© Jaime Navarro
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Located in the core of San Angel, Mexico City, for centuries San Jacinto Square has been one of the most significant commercial and social spaces in the area. Recently, architect Alejandro de la Vega Zulueta developed and carried out a renovation and renewal project for the public square.
The project was commissioned by the INAH [National Institute of Anthropology and History], Mexico’s top authority in the inspection and preservation of cultural heritage. INAH documents and plans imply that the original design of the square dates back to the 16th century, in what was formerly known as Tenanitla (meaning ‘next to the stone wall’ in Nahuatl).
Architecturally, its elements have been replaced over time with 20th-century components, comprising different types of concrete, as well as flagstones and fountains that have been transferred into the square from other public spaces in the city. Consequently, the only remaining original element of the plaza is its layout.
Embracing the space’s past, as well as its present role as an artistic, commercial, and social gathering point in San Angel, the interesting pastiche allowed the architect to produce a totally new code that can be implemented to other public spaces in Mexico City as well. The resulting new look for Plaza San Jacinto is governed by the concepts of aesthetic and design unification, artistic process, and defining the purpose of public spaces.
Given that the plaza today is best recognized for its handicraft and artist market, it was essential for the architect to give importance to artistic and manual processes. The modern version of the square no longer includes steps or slopes to block universal access, so the pathways were homogenized with volcanic cobblestone, using manual machete cuts against the stones to form a thematic texture throughout the square. To compensate for resulting variances in the angles and settings of the volcanic cobblestone, chinked stones were embedded by hand using a technique called rajueleado. Additionally, engineer Jorge Zinser developed a new lighting system to cover the entire public square, without being invasive, to make the space safe and accessible at night.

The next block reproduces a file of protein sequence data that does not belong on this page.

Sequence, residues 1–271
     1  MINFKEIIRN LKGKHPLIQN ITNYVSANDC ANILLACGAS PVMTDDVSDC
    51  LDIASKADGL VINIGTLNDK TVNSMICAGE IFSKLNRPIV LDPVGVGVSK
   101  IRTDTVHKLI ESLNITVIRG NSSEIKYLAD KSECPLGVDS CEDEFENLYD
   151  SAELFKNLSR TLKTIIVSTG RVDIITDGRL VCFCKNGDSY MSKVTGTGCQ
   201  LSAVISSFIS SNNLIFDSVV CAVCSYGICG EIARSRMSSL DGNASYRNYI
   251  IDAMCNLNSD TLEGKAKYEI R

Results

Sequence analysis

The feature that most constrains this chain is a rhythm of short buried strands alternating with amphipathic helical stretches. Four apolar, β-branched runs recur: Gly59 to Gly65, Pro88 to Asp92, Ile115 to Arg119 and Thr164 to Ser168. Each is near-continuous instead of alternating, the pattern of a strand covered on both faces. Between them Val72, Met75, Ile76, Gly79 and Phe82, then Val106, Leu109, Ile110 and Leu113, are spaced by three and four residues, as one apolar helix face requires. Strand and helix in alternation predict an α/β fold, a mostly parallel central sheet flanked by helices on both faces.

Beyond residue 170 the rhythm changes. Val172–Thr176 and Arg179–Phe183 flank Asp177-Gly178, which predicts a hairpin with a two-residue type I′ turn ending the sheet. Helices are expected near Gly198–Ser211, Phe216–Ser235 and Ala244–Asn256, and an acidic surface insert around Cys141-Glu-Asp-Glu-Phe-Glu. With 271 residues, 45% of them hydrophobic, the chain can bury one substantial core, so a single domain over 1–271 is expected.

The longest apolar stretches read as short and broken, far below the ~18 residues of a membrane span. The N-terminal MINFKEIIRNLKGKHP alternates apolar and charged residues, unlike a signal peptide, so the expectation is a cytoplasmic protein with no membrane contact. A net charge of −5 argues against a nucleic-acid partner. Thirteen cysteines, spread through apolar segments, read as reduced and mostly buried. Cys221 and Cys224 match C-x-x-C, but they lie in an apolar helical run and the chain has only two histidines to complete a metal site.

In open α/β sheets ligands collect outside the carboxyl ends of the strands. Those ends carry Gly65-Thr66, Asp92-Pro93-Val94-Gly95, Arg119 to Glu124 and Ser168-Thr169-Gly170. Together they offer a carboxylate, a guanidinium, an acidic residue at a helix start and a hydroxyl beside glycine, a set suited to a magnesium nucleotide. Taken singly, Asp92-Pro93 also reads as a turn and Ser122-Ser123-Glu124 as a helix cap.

However, it was the design of new metal guardrails to protect the square’s lush green areas that fused the symbiotic worlds of Alejandro de la Vega as both an artist and architect, In the aesthetic conception, he envisioned the transformation of one of his own original works as a pertinent and decorative design element that would animate the purposeful fencing. Using manipulations of his evolving sculpture, Silhouette, and by applying his proficiency in parametric techniques, he created a new pattern, made laser and nitrogen cuts to produce the pieces, and then married his art to his architecture through robotic welding, ensuring precision and quality. Once assembled, the pieces were painted with electrostatic paint for durability.
Historically, public squares are the places where communities and their histories are experienced and written. With today’s landscape of artists, picnickers, strollers, lovers, and much more, a project that didn’t consider those demographics would make no sense. So, while adhering to the history and significance of the Plaza, Alejandro de la Vega’s vision of today’s public usage of the square is what serves the project’s true value, from the fencing’s aesthetically-compelling union of art and architecture to the Plaza’s universal access ramps, cobblestone paths, and more. Unitedly, the design, processes, and materials used to revitalize the historic square were prioritized in order to build the best possible 21st-century version of Plaza San Jacinto, by giving its users the opportunity to enjoy it at all times.